Kenya | ActionAid UK

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Students Abigail (right) and Purity (left) in class at the ActionAid-supported safe house in West Pokot, Kenya.

The best friends who escaped FGM

Posted in Blogs 2 years 8 months ago

Everyone’s got a best friend, right? And you’d probably do anything for them. I know I’d certainly do anything for mine. But I’ve never had to help my best friend escape real danger – which is exactly what 14-year-old Abigail did for Purity in Kenya.

Abigail, 14, ran away from home to escape FGM. She is now living in an ActionAid-funded safe house, in Kongelai, West Pokot, and fronting our campaign to help protect other girls.

Female genital mutilation (FGM) is ruthless. It has no health benefits for girls and women. The procedure can cause severe bleeding and lasting health problems. When you look at the faces of young innocent girls who are helpless and are afraid of undergoing the cut, you feel very sad and angered.

He Named Me Malala Official Trailer

The story of Pakistani schoolgirl, Malala Yousafzai, struck a chord with the world when she was attacked by the Taliban in 2009 for simply speaking out on girls’ right to education. Today the film He named me Malala will be screened across cinemas in the UK. It looks at Malala's life, her relationship with her father and what drove her courage to fight for an issue she so deeply believed in.

Rape survivors from Mukuru slum (Nairobi) earn a living by  by producing their own line of peanut butter.

When I think about peanut butter, the first thing that comes to mind is how well it goes with jam, followed by how many calories it contains (which I quickly forget). The one thought that has never crossed my mind is how making peanut butter could change someone's life - until last week, when I found a jar of a new brand of peanut butter in the office. Don't worry, this is not a dodgy advertorial, but the start of a very inspiring story.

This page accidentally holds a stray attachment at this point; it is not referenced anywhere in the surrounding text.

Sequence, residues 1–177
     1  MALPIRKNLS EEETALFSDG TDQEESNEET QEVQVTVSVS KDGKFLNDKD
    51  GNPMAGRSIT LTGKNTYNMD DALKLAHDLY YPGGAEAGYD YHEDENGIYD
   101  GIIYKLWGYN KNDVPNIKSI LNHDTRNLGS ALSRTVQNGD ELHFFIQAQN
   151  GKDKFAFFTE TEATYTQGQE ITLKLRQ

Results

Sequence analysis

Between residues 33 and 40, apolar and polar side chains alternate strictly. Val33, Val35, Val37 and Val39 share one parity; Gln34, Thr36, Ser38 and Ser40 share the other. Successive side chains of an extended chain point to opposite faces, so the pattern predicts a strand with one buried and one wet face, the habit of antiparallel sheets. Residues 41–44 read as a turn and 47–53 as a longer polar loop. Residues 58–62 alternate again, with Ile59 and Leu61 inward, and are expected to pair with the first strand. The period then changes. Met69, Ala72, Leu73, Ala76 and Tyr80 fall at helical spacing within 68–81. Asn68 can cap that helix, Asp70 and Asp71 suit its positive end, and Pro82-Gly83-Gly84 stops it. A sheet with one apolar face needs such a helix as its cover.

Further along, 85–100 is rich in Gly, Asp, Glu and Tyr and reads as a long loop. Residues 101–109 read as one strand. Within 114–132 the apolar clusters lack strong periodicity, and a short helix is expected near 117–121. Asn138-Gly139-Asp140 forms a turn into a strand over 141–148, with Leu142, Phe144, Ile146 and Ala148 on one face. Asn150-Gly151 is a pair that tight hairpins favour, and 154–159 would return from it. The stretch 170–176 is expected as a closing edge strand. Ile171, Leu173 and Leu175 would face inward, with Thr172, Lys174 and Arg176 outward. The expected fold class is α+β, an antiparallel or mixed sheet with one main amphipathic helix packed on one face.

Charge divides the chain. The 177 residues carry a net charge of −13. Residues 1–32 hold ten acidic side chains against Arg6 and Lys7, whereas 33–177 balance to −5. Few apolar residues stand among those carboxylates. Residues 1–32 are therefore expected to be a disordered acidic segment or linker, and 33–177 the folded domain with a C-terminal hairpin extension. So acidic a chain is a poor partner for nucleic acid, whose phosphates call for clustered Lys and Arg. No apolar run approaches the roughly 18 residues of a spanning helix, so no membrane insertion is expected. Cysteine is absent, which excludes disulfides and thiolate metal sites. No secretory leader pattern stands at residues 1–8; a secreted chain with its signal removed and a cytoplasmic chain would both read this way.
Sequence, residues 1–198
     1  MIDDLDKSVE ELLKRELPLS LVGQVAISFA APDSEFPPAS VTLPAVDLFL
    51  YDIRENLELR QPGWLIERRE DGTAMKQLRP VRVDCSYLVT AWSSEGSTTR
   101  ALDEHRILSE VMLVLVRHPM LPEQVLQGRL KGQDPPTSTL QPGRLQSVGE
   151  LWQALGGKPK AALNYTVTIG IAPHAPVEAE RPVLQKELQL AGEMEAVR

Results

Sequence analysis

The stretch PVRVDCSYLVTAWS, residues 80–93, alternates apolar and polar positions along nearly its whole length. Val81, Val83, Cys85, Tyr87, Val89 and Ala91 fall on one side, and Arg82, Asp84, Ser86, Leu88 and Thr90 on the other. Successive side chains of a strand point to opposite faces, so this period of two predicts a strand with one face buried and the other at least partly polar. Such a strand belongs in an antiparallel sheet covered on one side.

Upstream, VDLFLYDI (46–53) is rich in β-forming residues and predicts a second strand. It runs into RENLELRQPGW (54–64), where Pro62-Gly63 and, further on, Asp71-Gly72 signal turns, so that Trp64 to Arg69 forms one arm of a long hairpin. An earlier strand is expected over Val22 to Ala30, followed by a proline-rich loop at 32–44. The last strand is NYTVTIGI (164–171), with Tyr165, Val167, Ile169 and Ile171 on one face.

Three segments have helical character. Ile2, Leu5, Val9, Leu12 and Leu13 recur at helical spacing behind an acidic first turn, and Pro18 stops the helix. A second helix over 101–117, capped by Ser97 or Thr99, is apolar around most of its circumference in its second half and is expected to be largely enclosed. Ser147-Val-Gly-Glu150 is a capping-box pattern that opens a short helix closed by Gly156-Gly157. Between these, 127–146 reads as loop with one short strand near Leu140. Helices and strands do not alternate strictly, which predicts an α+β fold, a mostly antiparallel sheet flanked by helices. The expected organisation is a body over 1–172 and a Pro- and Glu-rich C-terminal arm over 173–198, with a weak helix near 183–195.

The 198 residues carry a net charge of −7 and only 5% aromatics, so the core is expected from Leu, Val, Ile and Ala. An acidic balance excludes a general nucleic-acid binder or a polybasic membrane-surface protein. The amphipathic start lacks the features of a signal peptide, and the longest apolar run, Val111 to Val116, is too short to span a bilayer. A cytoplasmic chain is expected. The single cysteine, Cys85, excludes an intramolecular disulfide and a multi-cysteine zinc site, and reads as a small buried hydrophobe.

Jane Lokorngole, a former cutter, at home in West Pokot, Kenya.

I had read about many young women and girls’ horrific experiences of female genital mutilation (FGM) before my recent trip to Kenya. But I had never heard the cutter’s point of view before. While I was there, I met two women who had previously made their living carrying out FGM but who are now passionate advocates against the practice.

Salome, 14 at her primary school. Salome ran away from home to escape FGM.

The stories behind the FGM statistics

Posted in Blogs 3 years 9 months ago

F. G. M. Three innocent letters. Yet for millions of girls they represent the end of their childhood and the beginning of a lifetime of misery. Worldwide an estimated 140 million women and girls have had female genital mutilation (FGM), but it's stories like these from Kenya which bring the horror of that statistic to life.